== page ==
Allan Presland, author of “Improving the Business of Childcare” and CEO of Parenta

Analysis by the National Day Nurseries Association (NDNA) shows that 121 nurseries closed between September 2017 and the end of August 2018, compared with 73 closures in the previous 12 months.

This represents a 66 per cent increase in the number of nurseries shutting their doors.

The figures have been drawn from NDNA’s membership cancellations. They do not include closures of other childcare providers such as childminders. As such, it says the number of settings that have closed since last year could be much higher.

Of the nurseries that have closed since the 30 hours policy was introduced last September, 71 per cent received an hourly funding rate of less than £5 per child, per hour. A total of 44 per cent received the lowest funding rate of £4.30 per child, per hour.

This confirms what we have known all along. That the government has made a grave mistake with its 30 hours policy. The introduction of the 30 hours “free” childcare has resulted in settings being put under even more financial pressure than they already were.  

Closures have increased by 66% in the first year, equating to 121 nurseries going out of business. This is completely unsustainable and is the very opposite effect that was originally intended by doubling the 15 funded hours. There is no way that the early years childcare industry can withstand this increase in settings closures – what is the point of short term gain for parents when the reality is that in the long term the very same parents will suffer as there will be no nurseries at all!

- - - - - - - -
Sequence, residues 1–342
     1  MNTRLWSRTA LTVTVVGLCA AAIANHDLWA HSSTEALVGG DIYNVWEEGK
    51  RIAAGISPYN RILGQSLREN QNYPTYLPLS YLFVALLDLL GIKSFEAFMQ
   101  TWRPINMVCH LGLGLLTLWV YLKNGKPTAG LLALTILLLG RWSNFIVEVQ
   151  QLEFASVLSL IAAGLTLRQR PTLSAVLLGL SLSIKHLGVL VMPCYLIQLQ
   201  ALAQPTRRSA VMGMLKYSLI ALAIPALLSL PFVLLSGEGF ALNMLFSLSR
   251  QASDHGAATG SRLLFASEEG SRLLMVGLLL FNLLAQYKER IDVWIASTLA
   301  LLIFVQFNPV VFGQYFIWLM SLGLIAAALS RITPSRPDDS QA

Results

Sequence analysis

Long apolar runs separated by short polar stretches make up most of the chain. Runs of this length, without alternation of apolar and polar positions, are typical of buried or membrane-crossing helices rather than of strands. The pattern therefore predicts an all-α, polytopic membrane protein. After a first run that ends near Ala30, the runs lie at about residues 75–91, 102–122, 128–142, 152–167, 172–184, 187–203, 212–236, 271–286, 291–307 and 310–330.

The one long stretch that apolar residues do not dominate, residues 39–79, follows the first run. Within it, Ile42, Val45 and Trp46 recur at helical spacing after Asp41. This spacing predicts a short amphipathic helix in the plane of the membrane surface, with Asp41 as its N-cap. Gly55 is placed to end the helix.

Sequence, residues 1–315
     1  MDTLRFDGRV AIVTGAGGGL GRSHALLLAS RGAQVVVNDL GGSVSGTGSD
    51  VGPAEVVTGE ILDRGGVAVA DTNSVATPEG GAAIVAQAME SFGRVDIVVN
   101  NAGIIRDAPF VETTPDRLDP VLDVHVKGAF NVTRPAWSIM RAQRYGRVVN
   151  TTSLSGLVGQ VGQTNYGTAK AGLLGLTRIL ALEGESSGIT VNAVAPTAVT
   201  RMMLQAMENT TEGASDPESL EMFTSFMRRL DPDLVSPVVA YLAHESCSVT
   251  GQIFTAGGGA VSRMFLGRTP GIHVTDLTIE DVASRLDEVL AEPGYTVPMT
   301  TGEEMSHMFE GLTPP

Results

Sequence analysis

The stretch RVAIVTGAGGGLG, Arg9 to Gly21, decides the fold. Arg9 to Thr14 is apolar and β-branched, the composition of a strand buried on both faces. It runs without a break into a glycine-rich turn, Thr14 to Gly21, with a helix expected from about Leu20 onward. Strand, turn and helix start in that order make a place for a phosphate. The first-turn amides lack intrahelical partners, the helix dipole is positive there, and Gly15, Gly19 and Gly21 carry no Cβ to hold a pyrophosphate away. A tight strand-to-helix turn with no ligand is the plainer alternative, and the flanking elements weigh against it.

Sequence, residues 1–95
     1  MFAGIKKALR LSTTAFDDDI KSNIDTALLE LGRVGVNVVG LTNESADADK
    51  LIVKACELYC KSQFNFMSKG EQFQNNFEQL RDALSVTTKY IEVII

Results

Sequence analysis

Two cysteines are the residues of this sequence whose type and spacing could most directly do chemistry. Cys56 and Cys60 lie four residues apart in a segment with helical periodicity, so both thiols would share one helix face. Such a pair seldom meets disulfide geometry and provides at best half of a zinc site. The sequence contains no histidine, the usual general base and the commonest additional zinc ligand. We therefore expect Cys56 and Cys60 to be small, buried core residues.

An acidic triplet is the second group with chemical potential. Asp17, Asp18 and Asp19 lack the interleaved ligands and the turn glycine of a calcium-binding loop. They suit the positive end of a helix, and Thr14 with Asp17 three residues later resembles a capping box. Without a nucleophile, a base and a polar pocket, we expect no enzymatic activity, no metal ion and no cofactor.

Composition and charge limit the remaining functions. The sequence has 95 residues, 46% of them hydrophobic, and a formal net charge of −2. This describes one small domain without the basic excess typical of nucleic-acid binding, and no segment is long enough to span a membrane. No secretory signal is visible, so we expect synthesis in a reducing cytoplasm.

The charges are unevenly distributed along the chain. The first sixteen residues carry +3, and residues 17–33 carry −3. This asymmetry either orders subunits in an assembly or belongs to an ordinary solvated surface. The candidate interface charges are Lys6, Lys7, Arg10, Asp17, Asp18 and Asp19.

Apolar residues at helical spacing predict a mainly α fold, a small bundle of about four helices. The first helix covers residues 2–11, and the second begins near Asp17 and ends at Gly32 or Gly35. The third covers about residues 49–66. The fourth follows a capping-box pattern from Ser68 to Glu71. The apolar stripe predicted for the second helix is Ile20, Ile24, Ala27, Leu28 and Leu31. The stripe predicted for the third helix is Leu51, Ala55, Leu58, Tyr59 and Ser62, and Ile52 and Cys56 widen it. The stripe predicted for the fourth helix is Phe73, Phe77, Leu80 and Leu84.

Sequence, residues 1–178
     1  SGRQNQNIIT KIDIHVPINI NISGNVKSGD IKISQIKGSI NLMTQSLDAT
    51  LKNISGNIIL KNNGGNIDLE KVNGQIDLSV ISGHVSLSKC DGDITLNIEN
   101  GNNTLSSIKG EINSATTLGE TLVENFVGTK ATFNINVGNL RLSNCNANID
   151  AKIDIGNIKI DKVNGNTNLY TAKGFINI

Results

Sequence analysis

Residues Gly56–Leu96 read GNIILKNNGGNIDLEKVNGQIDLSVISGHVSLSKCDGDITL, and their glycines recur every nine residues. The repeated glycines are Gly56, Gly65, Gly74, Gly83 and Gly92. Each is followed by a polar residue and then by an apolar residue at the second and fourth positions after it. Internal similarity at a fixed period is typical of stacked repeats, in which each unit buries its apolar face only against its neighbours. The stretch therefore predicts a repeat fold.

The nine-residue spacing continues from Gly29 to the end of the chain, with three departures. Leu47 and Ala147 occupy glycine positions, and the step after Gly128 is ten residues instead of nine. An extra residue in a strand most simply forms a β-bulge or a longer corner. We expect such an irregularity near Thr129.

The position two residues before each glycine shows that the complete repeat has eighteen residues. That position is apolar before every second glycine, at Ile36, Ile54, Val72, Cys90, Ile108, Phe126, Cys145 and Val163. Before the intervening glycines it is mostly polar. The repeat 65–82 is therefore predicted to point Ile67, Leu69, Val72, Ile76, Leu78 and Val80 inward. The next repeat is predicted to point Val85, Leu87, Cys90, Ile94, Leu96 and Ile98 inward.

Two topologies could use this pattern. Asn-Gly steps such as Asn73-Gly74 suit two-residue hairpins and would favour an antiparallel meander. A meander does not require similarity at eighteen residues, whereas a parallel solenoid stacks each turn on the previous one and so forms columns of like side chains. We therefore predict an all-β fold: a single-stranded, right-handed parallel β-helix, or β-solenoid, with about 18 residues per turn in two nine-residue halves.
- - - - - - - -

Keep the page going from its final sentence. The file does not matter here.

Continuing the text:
What other industry could possibly sustain this? There is a fundamental reason why the 30 hours funded childcare doesn’t work - a universal rate cannot work for everyone. Costs and charges differ per county, per city, per town and of course, per setting.

Few settings are covering their costs and inevitably, they are being set up to fail. The reason childcare is so expensive in this country is not because childcare providers are greedy, it’s because the providers are forced to supplement the non-funded hours in order to break even (in a very few cases, make money) across the non-funded hours.

I’ve always supported the position that Champagne Nurseries on Lemonade Funding (CNLF) takes which is that the 30 hours funded should be made a subsidy. The government blindly committed to 30 hours free childcare and it cannot possibly deliver that, it simply does not have the money. So our argument is and always has been that the funding should be used as a subsidy against nursery fees.


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Allan Presland, author of “Improving the Business of Childcare” and CEO of Parenta, the UK’s largest provider of business support solutions and training for the early years sector works with around 6500 childcare providers around the world.

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